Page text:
The Red Ants named one of their employees, Selepe Madimetja, a director in 2005 without his knowledge, seemingly in an act of racial fronting. After this the City of Johannesburg stopped contracting them until 2014 when they re-emerged as the contracted company for a large eviction from an occupied building in Hillbrow. The Gauteng Department of Human Settlements, a frequent employer of the Red Ants, then signed an agreement with the company in an attempt to counter the violent treatment of residents during evictions. The agreement primarily attempted to ensure that those who faced removal be given notice of the evictions, a requirement that is already present in the Prevention of Illegal Eviction from and Unlawful Occupation of Land Act but which was not being implemented by the company.
Reports of the ruthless behaviour of the Red Ants have included theft and destruction of building materials, personal belongings and even identity documents, sexual assaults and several deaths as a result of brutal physical assaults. Photographic and video footage have been collected of the Red Ants using tools that are prescribed for breaking down structures, including crowbars and bolt cutters, as weapons to beat and stab residents who resist eviction.
A Facebook page called the “Red Ants Cape Town” became active in January 2017 with a video announcement that “the Red Ants have arrived in Cape Town”. Since then municipalities have deployed the Red Ants to evictions and protests across the Western Cape, including a food garden in Khayelitsha, land occupations in Lavender Hill and in the Overstrand Municipality, and most recently in Atlantis, where rounds of spent ammunition were collected after a Red Ants night operation last month. Red Ants tactical workers are currently stationed at Rondevlei with semiautomatic weapons and large armoured vehicles.
During several recent evictions in and around Cape Town, members of the Red Ants have been seen in full black tactical gear, including armour, helmets and rifles, rather than their usual red overalls. These “stabilisation units” appear to be a new development in the company’s offering, a specialised and armed force with weapons ordinary Red Ants workers would not have been allowed to carry. Whereas ordinary Red Ants workers are transported to work in the back of large trucks, these new units have their own militarised vehicles. In the recent evictions at Rondevlei, these stabilisation units were present and openly fired at residents with rubber bullets.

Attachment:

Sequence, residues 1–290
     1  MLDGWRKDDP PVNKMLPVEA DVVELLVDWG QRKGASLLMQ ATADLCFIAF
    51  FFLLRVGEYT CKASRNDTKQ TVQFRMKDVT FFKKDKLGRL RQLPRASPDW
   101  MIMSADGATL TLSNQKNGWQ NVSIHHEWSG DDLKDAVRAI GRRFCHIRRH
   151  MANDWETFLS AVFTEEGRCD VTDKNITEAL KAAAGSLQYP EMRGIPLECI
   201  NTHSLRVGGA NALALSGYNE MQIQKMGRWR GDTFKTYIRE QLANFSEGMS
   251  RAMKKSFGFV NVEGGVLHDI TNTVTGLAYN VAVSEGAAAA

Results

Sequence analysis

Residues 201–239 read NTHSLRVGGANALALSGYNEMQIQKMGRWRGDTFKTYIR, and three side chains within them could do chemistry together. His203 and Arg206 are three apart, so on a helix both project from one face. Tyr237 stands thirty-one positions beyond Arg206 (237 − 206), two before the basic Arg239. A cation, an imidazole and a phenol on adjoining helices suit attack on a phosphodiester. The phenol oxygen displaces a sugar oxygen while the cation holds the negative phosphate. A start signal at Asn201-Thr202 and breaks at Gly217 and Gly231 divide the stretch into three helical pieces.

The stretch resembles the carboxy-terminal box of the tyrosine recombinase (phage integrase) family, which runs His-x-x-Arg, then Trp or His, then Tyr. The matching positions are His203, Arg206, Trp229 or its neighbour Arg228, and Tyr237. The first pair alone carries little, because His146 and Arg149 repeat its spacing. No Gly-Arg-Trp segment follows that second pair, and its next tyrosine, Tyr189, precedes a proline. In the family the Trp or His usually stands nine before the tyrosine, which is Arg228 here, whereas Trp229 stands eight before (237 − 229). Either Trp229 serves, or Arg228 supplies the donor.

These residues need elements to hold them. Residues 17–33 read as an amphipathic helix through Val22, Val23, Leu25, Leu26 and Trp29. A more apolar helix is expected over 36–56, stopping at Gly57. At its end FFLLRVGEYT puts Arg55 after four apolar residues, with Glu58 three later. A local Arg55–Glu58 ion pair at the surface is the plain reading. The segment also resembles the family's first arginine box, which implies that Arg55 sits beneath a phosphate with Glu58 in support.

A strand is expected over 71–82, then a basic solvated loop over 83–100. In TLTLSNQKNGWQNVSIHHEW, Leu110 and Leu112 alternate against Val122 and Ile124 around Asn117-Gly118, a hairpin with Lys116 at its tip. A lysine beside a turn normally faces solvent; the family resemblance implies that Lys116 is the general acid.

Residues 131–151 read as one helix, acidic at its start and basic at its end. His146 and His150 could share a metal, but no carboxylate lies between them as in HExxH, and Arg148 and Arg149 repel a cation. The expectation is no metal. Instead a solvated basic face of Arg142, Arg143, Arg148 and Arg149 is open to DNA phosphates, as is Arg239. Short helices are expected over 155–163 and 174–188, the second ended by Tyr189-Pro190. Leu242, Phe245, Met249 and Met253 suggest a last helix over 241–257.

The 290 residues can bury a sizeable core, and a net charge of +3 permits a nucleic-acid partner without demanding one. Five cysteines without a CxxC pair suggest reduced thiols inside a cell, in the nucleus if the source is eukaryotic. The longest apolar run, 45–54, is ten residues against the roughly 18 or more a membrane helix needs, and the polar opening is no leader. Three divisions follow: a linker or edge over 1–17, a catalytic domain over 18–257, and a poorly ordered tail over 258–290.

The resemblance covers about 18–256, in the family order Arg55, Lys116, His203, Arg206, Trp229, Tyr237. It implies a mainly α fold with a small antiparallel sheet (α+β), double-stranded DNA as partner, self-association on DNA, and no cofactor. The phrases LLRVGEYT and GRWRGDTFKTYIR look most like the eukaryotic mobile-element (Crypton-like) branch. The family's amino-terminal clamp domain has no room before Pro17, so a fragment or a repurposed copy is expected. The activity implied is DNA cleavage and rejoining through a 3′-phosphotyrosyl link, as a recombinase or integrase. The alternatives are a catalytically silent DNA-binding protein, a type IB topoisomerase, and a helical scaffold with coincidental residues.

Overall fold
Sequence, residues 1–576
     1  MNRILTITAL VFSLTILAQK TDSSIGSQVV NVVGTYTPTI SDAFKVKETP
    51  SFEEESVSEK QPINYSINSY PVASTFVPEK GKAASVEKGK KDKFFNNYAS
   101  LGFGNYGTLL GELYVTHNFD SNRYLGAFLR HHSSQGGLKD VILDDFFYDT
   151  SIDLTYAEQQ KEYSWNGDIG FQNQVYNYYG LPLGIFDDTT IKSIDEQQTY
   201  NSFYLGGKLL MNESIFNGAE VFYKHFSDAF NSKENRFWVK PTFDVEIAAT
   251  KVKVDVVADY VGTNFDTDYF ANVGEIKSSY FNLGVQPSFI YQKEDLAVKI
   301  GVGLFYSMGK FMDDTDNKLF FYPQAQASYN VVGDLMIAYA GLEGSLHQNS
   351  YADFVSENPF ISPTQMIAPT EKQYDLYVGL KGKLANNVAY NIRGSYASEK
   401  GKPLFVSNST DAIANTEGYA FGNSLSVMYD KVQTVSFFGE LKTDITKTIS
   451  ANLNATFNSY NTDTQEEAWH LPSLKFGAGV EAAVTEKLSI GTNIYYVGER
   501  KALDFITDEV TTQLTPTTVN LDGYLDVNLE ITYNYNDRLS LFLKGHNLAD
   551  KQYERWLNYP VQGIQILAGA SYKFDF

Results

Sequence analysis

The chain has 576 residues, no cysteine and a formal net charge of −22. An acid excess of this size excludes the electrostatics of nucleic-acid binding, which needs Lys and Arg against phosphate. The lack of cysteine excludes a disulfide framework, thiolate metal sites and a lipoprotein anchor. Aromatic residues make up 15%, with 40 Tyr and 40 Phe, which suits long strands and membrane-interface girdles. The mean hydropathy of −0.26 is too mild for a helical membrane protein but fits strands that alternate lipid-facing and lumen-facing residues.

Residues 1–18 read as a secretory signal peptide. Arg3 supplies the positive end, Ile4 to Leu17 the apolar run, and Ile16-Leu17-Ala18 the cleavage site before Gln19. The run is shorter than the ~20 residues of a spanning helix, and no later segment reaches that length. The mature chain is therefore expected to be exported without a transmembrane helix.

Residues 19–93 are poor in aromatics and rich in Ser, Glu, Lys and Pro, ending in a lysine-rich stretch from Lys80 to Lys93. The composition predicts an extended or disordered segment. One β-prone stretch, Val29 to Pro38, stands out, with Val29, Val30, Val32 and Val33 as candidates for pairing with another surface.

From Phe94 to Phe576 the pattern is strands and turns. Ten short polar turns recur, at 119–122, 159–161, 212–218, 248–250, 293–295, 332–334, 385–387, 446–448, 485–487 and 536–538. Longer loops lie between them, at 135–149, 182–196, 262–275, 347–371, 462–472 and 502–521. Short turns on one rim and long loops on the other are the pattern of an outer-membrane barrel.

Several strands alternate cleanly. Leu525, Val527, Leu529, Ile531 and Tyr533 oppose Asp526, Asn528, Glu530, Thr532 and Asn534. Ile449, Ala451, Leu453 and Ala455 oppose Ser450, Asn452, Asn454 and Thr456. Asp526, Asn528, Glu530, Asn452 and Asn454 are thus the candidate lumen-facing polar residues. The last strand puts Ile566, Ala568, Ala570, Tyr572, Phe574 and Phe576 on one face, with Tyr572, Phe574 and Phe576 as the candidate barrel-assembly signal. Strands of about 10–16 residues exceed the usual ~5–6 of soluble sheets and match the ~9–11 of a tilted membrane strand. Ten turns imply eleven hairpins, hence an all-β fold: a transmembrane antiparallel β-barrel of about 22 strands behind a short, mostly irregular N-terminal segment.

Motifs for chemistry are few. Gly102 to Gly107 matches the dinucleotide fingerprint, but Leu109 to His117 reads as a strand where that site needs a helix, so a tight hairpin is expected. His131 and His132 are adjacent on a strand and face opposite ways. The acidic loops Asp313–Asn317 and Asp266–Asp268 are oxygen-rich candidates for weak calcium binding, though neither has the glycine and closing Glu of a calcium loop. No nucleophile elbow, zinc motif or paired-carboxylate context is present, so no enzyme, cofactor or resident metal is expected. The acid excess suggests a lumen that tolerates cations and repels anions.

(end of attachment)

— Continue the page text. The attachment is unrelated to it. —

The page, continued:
A history of forced removals
The violent removal of Black people and their shacks has a very long and vicious history in Cape Town. Forced removals are as old as the colonial city, and gathered momentum under apartheid, when the full might of the military was used to destroy Black people’s right to the city. Squatting was a central form of resistance to apartheid urban planning and the Group Areas Act. An erected shack was an act of defiance of racial rule, and a claim on a city that constantly sought to expel and diminish Black households. The anti-land invasion unit and the increasingly militarised tactical units of law enforcement and private security firms such as the Red Ants continue this long history, and bring shame on the current administration.
To appear different to their apartheid predecessors, the current City managers have to find new justifications for the ongoing forced removals, ones that don’t appear to be a replication of apartheid urban policy. These justifications often involve the promise of public infrastructure such as parks, roads, schools and public open spaces. It also involves the argument that land must be reserved for “nature”. But if there has been no sign of any such developments over the past 25 years, no political will to create urban infrastructures that improve the lives of the majority of the city’s residents living on the Cape Flats, and no serious interventions into the urgent social and environmental inequalities in the city, such justifications are quickly seen for what they are: excuses for the continuation of forced removals and the anti-Black, anti-poor agenda of the City’s management.
In part two, we look at how the City of Cape Town falsely uses the excuse of nature conservation to target and forcibly remove otherwise homeless people.